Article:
Reforestation can be defined as the process of replanting trees in areas that have been affected by natural disturbances like wildfires, drought, and insect and disease infestations — and unnatural ones like logging, mining, agricultural clearing, and development. This can mean anything from supporting natural regeneration in an area that has been degraded to planting ecologically appropriate tree seedlings after forest fires.
By planting trees in areas that have been degraded or deforested, reforestation helps the environment by guaranteeing, or accelerating the re-establishment of healthy forest structure by regrowing the forest canopy and preserving biodiversity within the ecosystem.
Planting trees may seem like a simple action to take, but the process of restoring forests is much more complicated. Several details need to be ironed out before the first tree is planted to ensure a positive social and environmental impact. This includes assessing the current condition of the land and land use, knowing which local species will work best, having the infrastructure and support to scale seedling production at nurseries, developing a solid pre, during, and post-planting plan, and ensuring that local staff and volunteers are on board.
And that’s just the beginning! One Tree Planted works with our carefully vetted tree planting partners to determine the most effective reforestation method. In some places, this may mean supporting nature’s ability to heal itself through natural regeneration with seeds from local trees. This type of management is often the best option when the land is degraded rather than deforested, and has a chance of coming back on its own if given the right support.
In other cases, One Tree Planted may work with local communities to establish agroforestry projectson agricultural land that protect a nearby primary forest from resource-based exploitation. This approach weaves conservation together with social impact and requires strong support from the local community.
If reforestation has been deemed necessary, like when the land has been heavily damaged and the seed stock completely destroyed, we will grow and plant native tree seedlings to give the ecosystem a boost.
Before this can be done, the site often requires preparation like removing invasive species, bolstering riparian zones, conducting prescribed burns to reduce future fire risk, and planting fast-growing tree species to enrich the soil.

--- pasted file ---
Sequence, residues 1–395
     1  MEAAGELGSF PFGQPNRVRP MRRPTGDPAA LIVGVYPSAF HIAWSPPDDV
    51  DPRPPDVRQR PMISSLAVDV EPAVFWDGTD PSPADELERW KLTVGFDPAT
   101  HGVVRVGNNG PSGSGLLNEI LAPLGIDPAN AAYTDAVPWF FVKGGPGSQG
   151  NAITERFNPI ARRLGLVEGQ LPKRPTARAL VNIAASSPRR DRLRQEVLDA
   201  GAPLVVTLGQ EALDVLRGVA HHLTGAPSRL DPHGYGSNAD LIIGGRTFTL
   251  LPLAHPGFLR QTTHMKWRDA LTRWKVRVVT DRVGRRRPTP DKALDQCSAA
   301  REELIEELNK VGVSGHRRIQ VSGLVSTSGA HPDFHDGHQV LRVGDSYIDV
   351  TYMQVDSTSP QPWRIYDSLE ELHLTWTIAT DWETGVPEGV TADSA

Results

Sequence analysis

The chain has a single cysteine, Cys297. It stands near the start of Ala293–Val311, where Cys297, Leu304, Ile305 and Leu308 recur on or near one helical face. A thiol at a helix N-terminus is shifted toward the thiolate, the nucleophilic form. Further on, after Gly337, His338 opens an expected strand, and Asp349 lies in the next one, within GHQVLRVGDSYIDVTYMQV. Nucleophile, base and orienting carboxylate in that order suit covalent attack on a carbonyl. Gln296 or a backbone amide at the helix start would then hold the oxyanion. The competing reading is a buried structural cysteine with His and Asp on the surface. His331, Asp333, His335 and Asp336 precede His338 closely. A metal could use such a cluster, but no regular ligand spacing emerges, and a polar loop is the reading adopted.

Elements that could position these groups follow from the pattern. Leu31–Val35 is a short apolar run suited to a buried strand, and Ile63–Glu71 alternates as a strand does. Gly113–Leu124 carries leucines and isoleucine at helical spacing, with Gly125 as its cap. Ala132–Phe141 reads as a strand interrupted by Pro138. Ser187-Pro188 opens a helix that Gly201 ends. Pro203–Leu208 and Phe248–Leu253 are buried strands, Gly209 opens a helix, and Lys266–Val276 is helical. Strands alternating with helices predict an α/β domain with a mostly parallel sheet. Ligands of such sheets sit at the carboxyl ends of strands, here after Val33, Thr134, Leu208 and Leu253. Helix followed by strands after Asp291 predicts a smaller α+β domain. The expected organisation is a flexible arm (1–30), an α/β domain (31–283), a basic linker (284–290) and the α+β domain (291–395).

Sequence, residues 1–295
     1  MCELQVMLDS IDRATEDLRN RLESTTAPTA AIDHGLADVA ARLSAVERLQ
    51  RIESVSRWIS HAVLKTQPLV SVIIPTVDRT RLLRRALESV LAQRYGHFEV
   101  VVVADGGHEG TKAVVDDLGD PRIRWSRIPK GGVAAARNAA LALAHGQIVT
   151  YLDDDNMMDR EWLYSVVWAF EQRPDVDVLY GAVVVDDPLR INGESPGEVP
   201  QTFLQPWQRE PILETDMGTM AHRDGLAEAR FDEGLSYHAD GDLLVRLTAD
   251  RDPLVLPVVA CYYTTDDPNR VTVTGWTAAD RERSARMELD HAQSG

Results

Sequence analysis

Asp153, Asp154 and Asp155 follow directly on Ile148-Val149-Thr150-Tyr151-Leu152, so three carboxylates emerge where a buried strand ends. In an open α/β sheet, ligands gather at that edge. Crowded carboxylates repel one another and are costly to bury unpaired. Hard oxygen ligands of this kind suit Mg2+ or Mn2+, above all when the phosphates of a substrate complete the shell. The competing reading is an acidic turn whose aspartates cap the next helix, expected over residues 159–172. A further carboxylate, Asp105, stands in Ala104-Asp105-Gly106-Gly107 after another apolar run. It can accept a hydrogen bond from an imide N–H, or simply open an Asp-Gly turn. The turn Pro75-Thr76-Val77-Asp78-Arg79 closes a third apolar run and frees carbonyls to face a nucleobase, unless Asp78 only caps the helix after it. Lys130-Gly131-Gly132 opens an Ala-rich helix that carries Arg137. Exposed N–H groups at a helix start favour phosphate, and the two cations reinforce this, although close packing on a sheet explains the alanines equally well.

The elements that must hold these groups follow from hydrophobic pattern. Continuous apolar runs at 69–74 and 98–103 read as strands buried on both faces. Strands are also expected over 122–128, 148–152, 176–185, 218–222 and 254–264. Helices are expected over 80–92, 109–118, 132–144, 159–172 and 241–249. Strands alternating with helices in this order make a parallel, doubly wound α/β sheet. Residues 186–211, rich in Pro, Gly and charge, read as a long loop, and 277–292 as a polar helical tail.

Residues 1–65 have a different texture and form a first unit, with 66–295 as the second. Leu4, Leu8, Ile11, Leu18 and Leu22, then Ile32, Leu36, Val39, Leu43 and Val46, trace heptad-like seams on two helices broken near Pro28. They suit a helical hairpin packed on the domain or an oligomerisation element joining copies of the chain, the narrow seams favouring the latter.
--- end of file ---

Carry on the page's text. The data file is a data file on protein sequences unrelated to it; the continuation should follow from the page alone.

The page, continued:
When selecting tree species to plant, we always prioritize native, ecologically appropriate seedlings. We also think about the condition of the land and the goals for the project. This can mean selecting for climate change resilience, forest fire adaptations, sustainable food and forest products, wildlife habitat potential, durability against floods and cyclones, and more.
20,671 trees were grown and planted by Jyambere Munyarwanda, a woman-led cooperative that strives to improve the lives of vulnerable people. The goal was to sustainably restore agricultural land to increase productivity, improve community livelihoods, and restore the local environment. As a result of our reforestation in Rwanda project, 180 families will experience the direct benefits of economic opportunity, improved food security, and better health.
After the historic 2017 Hanceville Fire burned 240,000 ha of land in British Columbia, we joined forces with the Canadian government and community partners like First Nations to restore these iconic forests and expand the Forest Carbon Initiative, which aims to reduce emissions and sequester carbon by planting trees while providing jobs in rural communities. To accomplish this we planted species like lodgepole pine, trembling aspen, and douglas fir, creating a more resilient, fire-resistant forest.
What happens on land affects ocean creatures, and in the Pacific Northwest, there’s no clearer testament to that than the endangered Southern Resident Orca, who have been affected by sharply declining salmon stocks, pollution from stormwater runoff, and sonar disturbances from ships traveling through their hunting grounds. As part of an ongoing project, we’re planting trees to help the orcas by restoring riparian zones across the Pacific Northwest, which helps to filter out toxins in the water, provides important habitat and nutrients to young salmon and prevents erosion along river banks.